“It was a spring day, the sort that gives people hope: all soft winds and delicate smells of warm earth. Suicide weather.”

Girl, Interrupted is the true story of Susanna Kaysen’s time spent in the infamous McLean Hospital* and you have probably seen the cult film adaptation with Winona and Jolie or at least heard of it unless, like me, you live under a rock and this is all news to you. Okay, so I had heard the title and vaguely knew about a late 90s blonde Jolie. But still, I’m kicking myself for not having read (and watched) these sooner.

*famous due to it’s clientèle in the past.

“Ray Charles was the most famous ex-patient. We all hoped he’d return and serenade us from the window of the drug-rehabilitation ward. […] Robert Lowell also didn’t come while I was there. Sylvia Plath had come and gone.

What is it about meter and cadence and rhythm that makes their makers mad?”

In 1967, Susanna is admitted to McLean Hospital for the treatment of depression which is later diagnosed as borderline personality. She was eighteen.

“One of my teachers told me I was a nihilist. He meant it as an insult but I took it as a compliment.”

Kaysen’s memoir reads like a diary and whilst it deals with a rather harrowing topic it is both poetic and humourous. She doesn’t romanticize her condition but rather documents her experience living in the ward and the lifestyle it affords her. The novel is a slim one and best read in one sitting and it was definitely more heartwarming than I had initially expected. If you have ever read & loved or wanted to read, The Bell Jar by Sylvia Plath then this book is also for you.

Filmically, Girl, Interrupted also works well. However, it’s a glossy piece of cinema, rather than a raw period piece.  (Think: Coppola’s The Virgin Suicides).

Ultimately I expected more from the film, due to it’s cult status and my having read the novel first but Mangold’s interpretation is addictive in its own right. Lisa’s dominance in the film caught me off guard but I feel it’s effective in portraying Susanna’s sense of loss.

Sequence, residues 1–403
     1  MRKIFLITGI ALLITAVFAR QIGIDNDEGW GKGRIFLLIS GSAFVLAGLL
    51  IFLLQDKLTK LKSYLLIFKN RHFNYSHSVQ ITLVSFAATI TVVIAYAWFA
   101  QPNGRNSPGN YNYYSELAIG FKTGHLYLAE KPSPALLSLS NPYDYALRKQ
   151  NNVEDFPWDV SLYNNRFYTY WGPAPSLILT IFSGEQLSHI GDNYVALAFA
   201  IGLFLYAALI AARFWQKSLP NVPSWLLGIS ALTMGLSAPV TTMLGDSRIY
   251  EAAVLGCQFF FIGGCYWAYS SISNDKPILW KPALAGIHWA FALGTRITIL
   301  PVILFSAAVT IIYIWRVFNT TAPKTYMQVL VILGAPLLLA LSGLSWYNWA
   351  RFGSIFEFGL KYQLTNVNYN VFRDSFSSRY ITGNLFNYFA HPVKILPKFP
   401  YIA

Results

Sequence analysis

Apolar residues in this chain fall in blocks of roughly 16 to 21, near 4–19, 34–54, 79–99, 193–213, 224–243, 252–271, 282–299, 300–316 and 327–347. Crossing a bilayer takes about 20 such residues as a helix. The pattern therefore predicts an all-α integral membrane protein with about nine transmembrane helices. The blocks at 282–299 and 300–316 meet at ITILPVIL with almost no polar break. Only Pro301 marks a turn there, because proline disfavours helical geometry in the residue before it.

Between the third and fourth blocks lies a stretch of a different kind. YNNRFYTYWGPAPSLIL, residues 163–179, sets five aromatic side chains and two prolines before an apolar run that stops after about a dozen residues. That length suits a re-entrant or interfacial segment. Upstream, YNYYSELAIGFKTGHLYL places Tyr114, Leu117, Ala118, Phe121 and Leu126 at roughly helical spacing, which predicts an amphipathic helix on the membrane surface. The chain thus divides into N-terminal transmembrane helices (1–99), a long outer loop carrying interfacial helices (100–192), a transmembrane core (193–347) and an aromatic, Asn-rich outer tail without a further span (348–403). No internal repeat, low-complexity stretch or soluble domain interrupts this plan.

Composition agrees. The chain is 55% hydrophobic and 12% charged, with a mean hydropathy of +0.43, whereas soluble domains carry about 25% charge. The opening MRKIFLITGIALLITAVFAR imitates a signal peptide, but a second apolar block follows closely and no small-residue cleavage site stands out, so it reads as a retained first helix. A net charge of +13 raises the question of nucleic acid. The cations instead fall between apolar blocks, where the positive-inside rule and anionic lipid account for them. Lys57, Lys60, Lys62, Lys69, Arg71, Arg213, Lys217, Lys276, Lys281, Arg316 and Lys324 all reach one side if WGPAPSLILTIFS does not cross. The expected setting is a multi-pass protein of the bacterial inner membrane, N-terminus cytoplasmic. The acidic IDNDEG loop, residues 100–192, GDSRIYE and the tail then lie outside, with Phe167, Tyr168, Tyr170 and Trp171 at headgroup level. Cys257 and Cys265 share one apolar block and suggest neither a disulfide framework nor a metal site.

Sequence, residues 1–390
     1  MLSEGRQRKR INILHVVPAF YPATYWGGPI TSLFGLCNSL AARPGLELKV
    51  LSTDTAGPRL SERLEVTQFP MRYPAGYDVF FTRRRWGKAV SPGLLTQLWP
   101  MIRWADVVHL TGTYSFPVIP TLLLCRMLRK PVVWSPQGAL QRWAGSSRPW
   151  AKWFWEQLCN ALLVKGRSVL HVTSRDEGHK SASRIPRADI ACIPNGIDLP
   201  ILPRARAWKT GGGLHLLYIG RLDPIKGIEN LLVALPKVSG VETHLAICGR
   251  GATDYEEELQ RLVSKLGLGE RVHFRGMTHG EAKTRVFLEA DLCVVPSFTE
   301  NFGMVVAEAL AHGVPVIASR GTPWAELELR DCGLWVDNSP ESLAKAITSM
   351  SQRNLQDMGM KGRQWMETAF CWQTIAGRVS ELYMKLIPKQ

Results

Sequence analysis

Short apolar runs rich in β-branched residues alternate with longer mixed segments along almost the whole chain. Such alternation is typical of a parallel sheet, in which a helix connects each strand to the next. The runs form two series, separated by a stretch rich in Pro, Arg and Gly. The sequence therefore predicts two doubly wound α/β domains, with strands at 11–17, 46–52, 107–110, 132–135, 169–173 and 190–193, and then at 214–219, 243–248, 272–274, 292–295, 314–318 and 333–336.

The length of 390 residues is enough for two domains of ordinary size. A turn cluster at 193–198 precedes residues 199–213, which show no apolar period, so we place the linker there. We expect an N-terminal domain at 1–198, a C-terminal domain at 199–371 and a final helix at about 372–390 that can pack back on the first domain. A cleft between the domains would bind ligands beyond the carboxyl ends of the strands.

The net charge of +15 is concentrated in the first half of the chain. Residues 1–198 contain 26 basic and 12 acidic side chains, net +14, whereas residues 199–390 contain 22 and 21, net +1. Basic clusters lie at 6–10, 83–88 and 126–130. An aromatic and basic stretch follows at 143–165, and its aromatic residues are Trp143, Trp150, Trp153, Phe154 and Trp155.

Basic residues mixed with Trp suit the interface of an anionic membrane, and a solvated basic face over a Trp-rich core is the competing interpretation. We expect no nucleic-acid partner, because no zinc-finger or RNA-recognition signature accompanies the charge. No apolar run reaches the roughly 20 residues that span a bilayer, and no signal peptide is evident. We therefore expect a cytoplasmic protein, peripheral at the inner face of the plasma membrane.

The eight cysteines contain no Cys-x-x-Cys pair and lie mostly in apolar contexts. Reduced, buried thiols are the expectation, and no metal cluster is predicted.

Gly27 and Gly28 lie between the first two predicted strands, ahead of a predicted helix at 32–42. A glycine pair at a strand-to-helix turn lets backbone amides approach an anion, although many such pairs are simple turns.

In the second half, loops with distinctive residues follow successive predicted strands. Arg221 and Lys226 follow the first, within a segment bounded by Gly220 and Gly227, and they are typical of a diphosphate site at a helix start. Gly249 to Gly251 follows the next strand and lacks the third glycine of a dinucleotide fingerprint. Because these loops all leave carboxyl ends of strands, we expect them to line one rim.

“People ask, How did you get in there? What they really want to know is if they are likely to end up in there as well. I can’t answer the real question. All I can tell them is, It’s easy.

And it is easy to slip into a parallel universe.”

In the book, there are two Lisa’s. Perhaps this would’ve confused the audience had it been translated to film, however, Jolie’s role is spectacular enough that perhaps with another Lisa, Winona would’ve been felt completely overshadowed. I really enjoyed the portrayal of Daisy (Brittany Murphy) in the film, but found it became all a bit melodramatic as Susanna and Lisa’s relationship deepened. I also enjoyed the ending of the book and sort of wished it was in the film – but alas – I think it may have left the film feeling a little too Hollywood if that makes any sense.

Ultimately, I love the book that little bit more, but I enjoy each piece in it’s own right. One cannot fully compare such different media. I think I love the book more because it reminds me so of The Bell Jar, my first true love. It also got me thinking of other books I loved with similar themes like:

  • Haruki Murakami’s Norwegian Wood
  • An Angel At my Table by Janet Frame. (There is a great film version of this!)
  • The Vegetarian by Han Kang (now that would need a raw, no holds barred, throw in some magical realism effects, don’t you think!?)

“But most people pass over incrementally, making a series of perforations in the membrane between here and there until an opening exists. And who can resist an opening?”